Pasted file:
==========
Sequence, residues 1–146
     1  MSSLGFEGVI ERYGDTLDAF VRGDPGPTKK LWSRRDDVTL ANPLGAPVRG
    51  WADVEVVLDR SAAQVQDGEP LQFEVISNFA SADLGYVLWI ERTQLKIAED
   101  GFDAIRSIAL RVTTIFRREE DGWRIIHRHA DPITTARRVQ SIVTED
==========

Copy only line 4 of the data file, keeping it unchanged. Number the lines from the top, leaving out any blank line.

   101  GFDAIRSIAL RVTTIFRREE DGWRIIHRHA DPITTARRVQ SIVTED